Eight months into the Biden administration, the president’s economic agenda is taking shape. Front and center is President Biden’s tax plan, which would increase the corporate rate from 21% to 28% and the top individual income rate from 37% to 39.6%, according to CNBC.
President Biden is also a supporter of a federal minimum wage of $15 per hour and more stringent energy regulations, among other proposals. All in all, the Biden administration’s goal appears to be leveling the playing field for low-income Americans, and the purported beneficiaries are employees. However, an increase in taxes and regulations would have a large impact on job creators as well, and I believe employers will need to prepare for a potentially higher cost of doing business. Below are three areas leaders often turn to when looking to reduce costs, along with my tips for navigating each option.
A common way businesses reduce costs is by cutting back on staff. While necessary for business growth, employees do cost money, especially with wages (and inflation) going up. Laying off employees lowers the labor costs borne by employers.
Let’s say you are trying to implement a $15 hourly minimum wage, and you have three entry-level employees. If each of your workers used to make $10 an hour and they now earn $15 per hour, you are paying $15 more every hour, which is the same as paying for a new hourly employee. This might require some businesses to reduce headcount. It may not seem like much, but a couple of dollars here and a few dollars there can make a substantial difference for low-margin businesses.
Of course, reducing headcount comes with risk, namely the loss of human capital. For small businesses, talent is everything, so lay-offs need to be approached cautiously and strategically.
It is also imperative for employers to understand if and when entry-level wages are trending up in their state. Ask yourself: What will a minimum wage increase do to the morale of your current team? Will you be increasing all employees’ wages or just entry-level? Employers need to review their bottom line prior to wage increases going into effect, gauging how it may affect future profits. Can your business afford to increase prices to offset the wage increases without losing customers?
To answer these questions, determine how much it costs to open the doors of your business every day. Add up all of your expenses for the month and divide that number by the days in the month. Then, you can calculate the new turn-key costs with minimum-wage requirements taken into account. Once you have both turn-key numbers, you will be able to gauge if your business can sustain profitability, thus providing you with the necessary information regarding headcount reduction.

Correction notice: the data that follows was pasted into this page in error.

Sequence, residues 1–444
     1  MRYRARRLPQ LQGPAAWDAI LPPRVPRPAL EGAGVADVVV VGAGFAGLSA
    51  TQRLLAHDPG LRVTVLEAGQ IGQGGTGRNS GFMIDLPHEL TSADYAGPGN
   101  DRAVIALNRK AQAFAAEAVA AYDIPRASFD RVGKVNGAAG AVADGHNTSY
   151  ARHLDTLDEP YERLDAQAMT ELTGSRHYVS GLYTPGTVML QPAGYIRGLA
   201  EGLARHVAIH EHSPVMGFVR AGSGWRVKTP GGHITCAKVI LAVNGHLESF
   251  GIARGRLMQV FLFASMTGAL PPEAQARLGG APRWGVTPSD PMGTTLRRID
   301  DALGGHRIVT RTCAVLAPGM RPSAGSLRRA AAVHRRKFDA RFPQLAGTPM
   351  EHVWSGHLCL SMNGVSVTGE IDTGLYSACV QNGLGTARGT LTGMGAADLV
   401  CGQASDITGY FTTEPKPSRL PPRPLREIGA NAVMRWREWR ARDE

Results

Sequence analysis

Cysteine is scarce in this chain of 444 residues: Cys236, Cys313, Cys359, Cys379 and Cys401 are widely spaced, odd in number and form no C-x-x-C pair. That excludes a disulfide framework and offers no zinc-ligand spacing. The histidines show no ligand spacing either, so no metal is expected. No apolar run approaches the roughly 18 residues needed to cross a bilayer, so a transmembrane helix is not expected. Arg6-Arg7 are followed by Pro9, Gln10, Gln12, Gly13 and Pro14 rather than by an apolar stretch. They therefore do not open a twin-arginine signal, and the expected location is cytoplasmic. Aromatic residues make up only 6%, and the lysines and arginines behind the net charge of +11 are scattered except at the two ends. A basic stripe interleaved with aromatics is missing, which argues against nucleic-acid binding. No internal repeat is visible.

One way to reduce headcount while still retaining productivity is to automate processes that do not require human effort. For instance, you might be able to automate an assembly line. Again, there can be a human cost to this if you are laying off employees, but automation may be a financially prudent option for businesses that need to become leaner and more nimble.
For years, the research on automation has been promising. WorkMarket’s 2020 In(Sight) Report (registration required), which polled 200 business leaders and 202 employees in April 2017, found that 53% of employees said they could save up to two work hours a day through automation. As one Forbes article pointed out, that’s roughly 240 hours per year. Nearly 80% of business leaders, meanwhile, said automation could free up to three work hours a day (or about 360 hours per year).
Automation can also protect your business from human error. By automating software, for example, employers can often cut down on manual data entry by relying on machines to do the job for them. And, in many cases, machines can do the job quite well.
That said, automation is costly, so to assess whether this type of investment makes sense for your business, calculate the cost of the saved labor expense. If the labor cost savings (including paid time off, health insurance and so forth) is more than the automation, you could consider automating. To reduce unemployment expenses, employers can also implement a hiring freeze, especially in industries that have high turnover or attrition rates.
Examining And Negotiating All Bills
Now, if you’re like me, laying off employees is the last resort. There is a human side to doing business, and I absolutely dread lay-offs. While necessary at times, it is a terrible situation. In lieu of shrinking staff or potentially automating it, employers can easily reduce costs by reviewing them in the first place. Examine your monthly bills. Ask yourself: Do I need to be paying that cable bill? Do I need all of those food offerings at work? Do I need to pay rent for office space, when remote work is so common nowadays?
The answers to those questions might surprise you. Once you ask them, it’s time to go over the “essential payments.” Can you negotiate them down? Can you find a better deal somewhere else?
This applies to vendors as well. Even if you’ve used the same vendor for years, it makes sense to evaluate and reevaluate the market from time to time. In business, the landscape changes often, and you don’t want it to pass you by. Ask for three or more quotes from competing vendors, and find the best one.
Before you do anything reckless, employers need to take stock of “money out” and “money in.” Review, review, review. Only then can you reduce your costs in the long run.